Stone guardians mobilized and although moved like drunken men from years of dormancy, they laid low all but two of the party. Those two escaped from death leaving behind the mournful songs of their crushed friends- may Ygg take them quickly.

#6 PREVIOUSLY: ABRAKADABRA! THE PARTY GOT A MYSTERIOUS STAFF BUT STILL LEFT CADAVERS! Undaunted by death and haunted by the mysterious crypt, the sole survivor of the previous trek gathered a new band of adventurers to raid the crypt of the Archaian sorcerer.

The trip was fill fated from the beginning as the party was attacked at Dragon's Tooth Henge by undeath rising out of the growing mounds of mold, filth, and garbage at the henge. Each bore the crude mark of a hand with a fanged mouth in the palm. Although surrounded, the adventurers overcame and finally laid to rest these horrid bones.

Once back at the crypt of the sorcerer, a plan was hatched to steal the staff, ring, and the too-enticing-to-be-left ruby. The results were the same, but this time the two surviving members have a mysterious ebony staff and gold ring. Now if they can just get it back to Eastdale...


Still always milling over how to make weapons simple, but contain meaningful context-dependant choices so that combat can become faster and environments matter.


A very excellent post from Ben L. (of Ultan's Door Fame which I'll be running at North Texas RPG Con) about story emerging from sandbox play. He also gives a really even-handed explanation of the different approaches adopted by the OSR and indie games in their response to "trad rpgs". 

I could quote it to death, but here is one of my favorite parts:

If we don't see ourselves as storytelling, then in what sense do we take pleasure in "emergent stories"? When we say we're into "stories that emerge from play", we mean precisely stories that no one aimed to produce. Like in ordinary life, where we do various things not intending to produce a story, but nonetheless through the interaction of chance, the dubiousness of colorful characters, and our boldness in the moment, a memorable story emerges. 


Into The Breach

D&D Combat Objectives

Into The Breach continues to influence how I think D&D combat should be run. Its because in addition to varried terrain, Into The Breach uses a limited set of turns and variable objectives: Kill X, Guard Y, Hold Z, Destroy A, Don’t take B total damage. This makes each round section of combat a short tactical puzzle. Your “party” in this game consists of 3 mechs with limited movement, HP, and 1-2 attacks that do damage, push/pull enemies, freeze them, set them on fire etc.

Often D&D combat can devolve into a sluggish exchange of blows between sides with the only objective being to kill one side. This is often unrealistic- most people don’t want to die and really only the most zealous will fight to the death.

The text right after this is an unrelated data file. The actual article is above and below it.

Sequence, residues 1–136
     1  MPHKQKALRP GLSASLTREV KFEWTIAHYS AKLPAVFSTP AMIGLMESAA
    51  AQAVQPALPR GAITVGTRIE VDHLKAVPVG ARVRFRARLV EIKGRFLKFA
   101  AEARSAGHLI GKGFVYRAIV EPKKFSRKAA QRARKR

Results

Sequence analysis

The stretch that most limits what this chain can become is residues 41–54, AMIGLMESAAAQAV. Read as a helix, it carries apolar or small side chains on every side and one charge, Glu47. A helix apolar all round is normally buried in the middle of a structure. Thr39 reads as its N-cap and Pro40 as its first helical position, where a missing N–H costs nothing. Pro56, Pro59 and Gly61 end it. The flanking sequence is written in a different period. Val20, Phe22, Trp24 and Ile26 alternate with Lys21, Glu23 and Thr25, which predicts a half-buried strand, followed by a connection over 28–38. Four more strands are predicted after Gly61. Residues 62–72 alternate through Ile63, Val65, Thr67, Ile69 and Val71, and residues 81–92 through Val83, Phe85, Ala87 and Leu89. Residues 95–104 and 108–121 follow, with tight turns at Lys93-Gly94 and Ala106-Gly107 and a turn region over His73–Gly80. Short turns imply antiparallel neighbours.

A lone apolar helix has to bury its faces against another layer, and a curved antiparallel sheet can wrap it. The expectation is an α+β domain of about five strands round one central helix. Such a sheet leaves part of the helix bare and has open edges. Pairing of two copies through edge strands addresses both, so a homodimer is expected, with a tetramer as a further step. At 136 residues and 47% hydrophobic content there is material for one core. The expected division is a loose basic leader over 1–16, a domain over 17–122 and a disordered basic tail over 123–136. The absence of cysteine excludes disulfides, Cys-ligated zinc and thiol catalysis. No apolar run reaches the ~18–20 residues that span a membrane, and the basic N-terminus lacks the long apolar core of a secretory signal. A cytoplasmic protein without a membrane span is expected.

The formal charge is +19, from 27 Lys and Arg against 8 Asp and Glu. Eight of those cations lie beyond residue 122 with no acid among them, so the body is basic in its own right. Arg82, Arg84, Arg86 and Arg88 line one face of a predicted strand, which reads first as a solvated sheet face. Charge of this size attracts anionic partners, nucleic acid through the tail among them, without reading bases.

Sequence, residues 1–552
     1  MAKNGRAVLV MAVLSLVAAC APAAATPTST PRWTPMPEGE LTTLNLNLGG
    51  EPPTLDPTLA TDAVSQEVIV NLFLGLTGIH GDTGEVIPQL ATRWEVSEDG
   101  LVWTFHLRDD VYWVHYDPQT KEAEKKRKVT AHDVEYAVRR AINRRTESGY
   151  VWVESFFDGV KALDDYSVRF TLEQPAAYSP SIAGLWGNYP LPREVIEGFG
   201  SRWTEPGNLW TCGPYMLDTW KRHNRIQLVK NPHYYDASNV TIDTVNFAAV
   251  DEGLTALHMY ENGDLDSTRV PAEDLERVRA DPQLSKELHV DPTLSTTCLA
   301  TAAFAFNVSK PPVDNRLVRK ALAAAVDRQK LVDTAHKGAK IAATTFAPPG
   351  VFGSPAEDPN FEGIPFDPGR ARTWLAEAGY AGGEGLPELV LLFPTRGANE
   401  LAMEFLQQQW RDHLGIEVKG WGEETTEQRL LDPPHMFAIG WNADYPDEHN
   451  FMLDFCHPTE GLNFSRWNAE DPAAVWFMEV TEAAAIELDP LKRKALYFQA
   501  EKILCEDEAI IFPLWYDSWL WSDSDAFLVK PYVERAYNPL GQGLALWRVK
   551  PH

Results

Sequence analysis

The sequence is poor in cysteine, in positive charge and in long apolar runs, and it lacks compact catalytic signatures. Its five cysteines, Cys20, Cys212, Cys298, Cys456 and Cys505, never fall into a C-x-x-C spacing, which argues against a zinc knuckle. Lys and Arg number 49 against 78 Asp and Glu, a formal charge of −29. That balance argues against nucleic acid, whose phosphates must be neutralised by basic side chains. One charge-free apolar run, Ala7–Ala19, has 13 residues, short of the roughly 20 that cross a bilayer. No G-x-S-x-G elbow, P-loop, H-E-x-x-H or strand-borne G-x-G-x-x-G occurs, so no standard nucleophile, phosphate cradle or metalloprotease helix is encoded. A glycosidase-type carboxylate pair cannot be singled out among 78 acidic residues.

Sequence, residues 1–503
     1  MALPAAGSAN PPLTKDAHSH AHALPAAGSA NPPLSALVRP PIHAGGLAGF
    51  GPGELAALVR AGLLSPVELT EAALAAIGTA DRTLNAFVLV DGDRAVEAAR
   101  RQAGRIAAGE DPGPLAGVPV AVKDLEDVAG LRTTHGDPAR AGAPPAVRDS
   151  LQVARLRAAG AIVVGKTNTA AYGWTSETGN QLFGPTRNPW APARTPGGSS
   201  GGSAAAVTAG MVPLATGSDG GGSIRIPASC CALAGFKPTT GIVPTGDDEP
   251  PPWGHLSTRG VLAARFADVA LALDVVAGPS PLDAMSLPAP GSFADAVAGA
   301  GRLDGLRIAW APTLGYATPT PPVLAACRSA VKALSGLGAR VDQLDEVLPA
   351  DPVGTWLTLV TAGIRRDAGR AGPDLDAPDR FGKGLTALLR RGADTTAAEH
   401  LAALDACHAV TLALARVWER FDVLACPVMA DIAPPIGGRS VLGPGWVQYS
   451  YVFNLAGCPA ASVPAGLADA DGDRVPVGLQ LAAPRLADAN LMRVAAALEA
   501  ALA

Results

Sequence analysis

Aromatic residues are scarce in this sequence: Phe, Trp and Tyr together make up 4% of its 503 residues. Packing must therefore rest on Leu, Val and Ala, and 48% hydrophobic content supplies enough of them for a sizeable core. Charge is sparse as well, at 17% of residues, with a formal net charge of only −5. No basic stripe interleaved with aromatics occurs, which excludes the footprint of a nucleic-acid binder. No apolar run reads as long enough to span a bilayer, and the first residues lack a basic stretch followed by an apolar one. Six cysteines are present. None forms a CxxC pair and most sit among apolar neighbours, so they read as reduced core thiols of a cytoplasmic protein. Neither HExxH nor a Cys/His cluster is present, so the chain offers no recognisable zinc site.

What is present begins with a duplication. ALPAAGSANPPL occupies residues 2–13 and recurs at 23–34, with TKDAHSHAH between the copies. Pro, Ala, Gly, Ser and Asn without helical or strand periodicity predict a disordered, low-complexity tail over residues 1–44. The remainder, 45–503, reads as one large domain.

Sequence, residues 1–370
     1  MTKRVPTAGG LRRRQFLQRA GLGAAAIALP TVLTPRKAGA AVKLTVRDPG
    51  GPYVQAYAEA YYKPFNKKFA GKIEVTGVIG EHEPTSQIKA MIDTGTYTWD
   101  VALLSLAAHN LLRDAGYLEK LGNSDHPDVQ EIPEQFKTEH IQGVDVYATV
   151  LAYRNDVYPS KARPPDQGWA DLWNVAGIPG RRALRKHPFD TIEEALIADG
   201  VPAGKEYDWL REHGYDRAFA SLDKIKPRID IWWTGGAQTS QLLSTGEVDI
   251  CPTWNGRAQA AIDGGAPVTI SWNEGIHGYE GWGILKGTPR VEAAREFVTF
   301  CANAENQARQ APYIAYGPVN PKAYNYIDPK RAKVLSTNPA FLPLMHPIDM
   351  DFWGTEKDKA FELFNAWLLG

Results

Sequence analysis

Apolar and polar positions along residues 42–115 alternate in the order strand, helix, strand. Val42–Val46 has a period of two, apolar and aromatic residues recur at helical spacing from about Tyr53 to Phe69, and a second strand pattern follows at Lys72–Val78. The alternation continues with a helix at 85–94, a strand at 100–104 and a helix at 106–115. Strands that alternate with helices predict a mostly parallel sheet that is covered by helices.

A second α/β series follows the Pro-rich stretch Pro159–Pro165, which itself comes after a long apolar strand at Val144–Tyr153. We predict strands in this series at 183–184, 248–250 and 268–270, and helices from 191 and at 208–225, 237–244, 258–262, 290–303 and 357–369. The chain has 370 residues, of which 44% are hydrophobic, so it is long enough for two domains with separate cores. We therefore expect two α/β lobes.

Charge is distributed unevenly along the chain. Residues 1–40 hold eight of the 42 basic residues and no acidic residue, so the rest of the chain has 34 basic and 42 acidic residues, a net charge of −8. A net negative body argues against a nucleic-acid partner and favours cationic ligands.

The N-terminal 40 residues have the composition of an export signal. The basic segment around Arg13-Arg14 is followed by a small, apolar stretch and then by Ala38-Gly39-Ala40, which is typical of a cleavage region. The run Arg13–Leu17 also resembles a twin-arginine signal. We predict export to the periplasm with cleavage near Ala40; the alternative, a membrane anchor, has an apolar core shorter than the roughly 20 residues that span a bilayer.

B/X provides tools to help a DM guard against this outcome by employing three checks: Suprise (2-in-6), Encounter Reaction (2d6), and the Morale Check(2d6).

Another tool to add, would be eliminating “kill everyone” as the default objective to combat once its determined the encounter is hostile and involves conflict. Here is my stab at such a thing:

INTELLIGENT CREATURES (Goblins & Gnolls, Orcs & Ogres)
01 | Grab the gold/valuables
02 | Capture the caster & spellbook
03 | Sacrifice the cleric in the name of foul gods.
04 | Hit & Run! Reduce 1+ PCs to 50% HP then withdraw
05 | Loot the party for supply and equipment packs
06 | Push the PCs out of the room/area/bridge; then guard it
07 | Capture the animals/NPCs/Hirelings
08 | Hold position until more dangerous reinforcement arrive.

INSTINCTUAL CREATURES (Animals, Beasts, Basilisks & Hydras)
01 | Attack the nearest NPC/pack animal-- drag into the underbrush
02 | Attack the weakest/smallest PC-- drag into the underbrush
03 | Hold a specific territory
04 | Bloody the largest PC in a territorial display
05 | Fight until hit with magic
06 | Ravage backpacks for food
07 | Hit & Run-- next three encounters will be with this creature
08 | Territorial display, but will yield ground quickly

UNINTELLIGENT CREATURES (Oozes, Constructs, (Most) Plants)
01 | Attack nearest PC
02 | Consumes one PC then goes dormant or leaves
03 | Probe each PC looking for X: gold, nectar, metal, stolen jewels
04 | Attacks until PCs issue a command or says “stop” in creature language
05 | Moves to inconveniently occupy a space the PCs want to move to/through
06 | Covers or grows around an object of significance for reasons unknown
07 | Attracted to PC with specific color/sound/smell/taste/astral aura
08 | Attack those who stole something

THE BATTLE FOR THE RUBY SKULL: An Experiment In Alternative B/X D&D Combat

MY "PROBLEM" To me, the best "time scale" in old-school D&D (and any D&D really) is exploration. The time i...